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Development of ultra-high-efficiency pure red light-emitting devices with enhanced color representation

Development of ultra-high-efficiency pure red light-emitting devices with enhanced color representation
Graphical abstract. Credit: Materials Today (2024). DOI: 10.1016/j.mattod.2024.03.008

DGIST Professor Jiwoong Yang's team in the Energy Science and Engineering Department has successfully manufactured high-performance, skin-attachable perovskite pure red light-emitting devices to create various forms of wearable displays.

The research team worked collaboratively with UNIST Professor Moon Kee Choi's team in the Materials Science and Engineering Department to develop these devices through selective surface modification of perovskite quantum dots, expecting their future use in diverse wearable products.

The paper is published in the journal Materials Today.

With the growth of wearable, mobile, and IoT technologies, the demand for wearable displays has increased. Perovskite emitters, commonly used in and light-emitting devices, are gaining attention as next-generation optoelectronic materials owing to their and efficient photovoltaic and light-emission properties and propelling research in wearable displays.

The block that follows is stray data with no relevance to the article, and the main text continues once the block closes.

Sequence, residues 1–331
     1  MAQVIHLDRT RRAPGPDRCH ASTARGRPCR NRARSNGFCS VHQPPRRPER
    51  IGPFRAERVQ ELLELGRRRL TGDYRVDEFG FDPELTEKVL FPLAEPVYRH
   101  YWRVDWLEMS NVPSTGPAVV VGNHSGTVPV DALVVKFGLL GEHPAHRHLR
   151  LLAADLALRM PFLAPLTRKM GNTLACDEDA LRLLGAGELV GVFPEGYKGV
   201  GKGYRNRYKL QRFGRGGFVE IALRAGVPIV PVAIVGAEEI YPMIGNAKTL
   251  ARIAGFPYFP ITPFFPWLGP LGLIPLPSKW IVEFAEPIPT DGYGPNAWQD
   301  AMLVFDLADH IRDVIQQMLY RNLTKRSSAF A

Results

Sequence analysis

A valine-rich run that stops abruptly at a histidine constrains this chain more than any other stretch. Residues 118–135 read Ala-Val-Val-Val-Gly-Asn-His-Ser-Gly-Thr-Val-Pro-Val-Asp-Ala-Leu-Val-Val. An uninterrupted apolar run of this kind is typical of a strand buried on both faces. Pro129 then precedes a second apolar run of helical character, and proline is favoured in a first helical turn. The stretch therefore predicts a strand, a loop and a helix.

Traditional red perovskite materials were unsuitable for high-performance wearable displays owing to their low stability and . To address this, the DGIST-UNIST research team successfully created pure red light-emitting devices through the simple surface modification of the perovskite light-emitting layers, thus significantly improving their stability and electrical properties.

In previous perovskite fabrication processes, surface modification was performed using iodine (I), a halogen element. However, the research team replaced iodine with bromine (Br), a halogen element with higher electronegativity, and increased the size of the perovskites beyond the original dimensions. This resulted in an improved surface-to-volume ratio with the same "band gap energy," leading to the development of pure red light-emitting devices with exceptional stability and electrical properties.

Professor Jiwoong Yang from DGIST stated, "By selectively modifying the surface of perovskite quantum dots, we improved their stability and electrical properties, ultimately achieving an external quantum efficiency (EQE) of up to 19.8%. This research brings us closer to the commercialization of pure red perovskite displays."

Professor Moon Kee Choi from UNIST added, "The newly developed light-emitting devices are expected to be widely applied not only in LED-based displays but also in VR, AR, and smart wearable device development."

More information: Kyunghoon Lee et al, Highly efficient pure red light-emitting diodes through surface bromination of CsPbI3 perovskite nanocrystals for skin-attachable displays, Materials Today (2024). DOI: 10.1016/j.mattod.2024.03.008

Journal information: Materials Today

Provided by DGIST (Daegu Gyeongbuk Institute of Science and Technology)

Citation: Development of ultra-high-efficiency pure red light-emitting devices with enhanced color representation (2024, May 8) retrieved 19 May 2024 from
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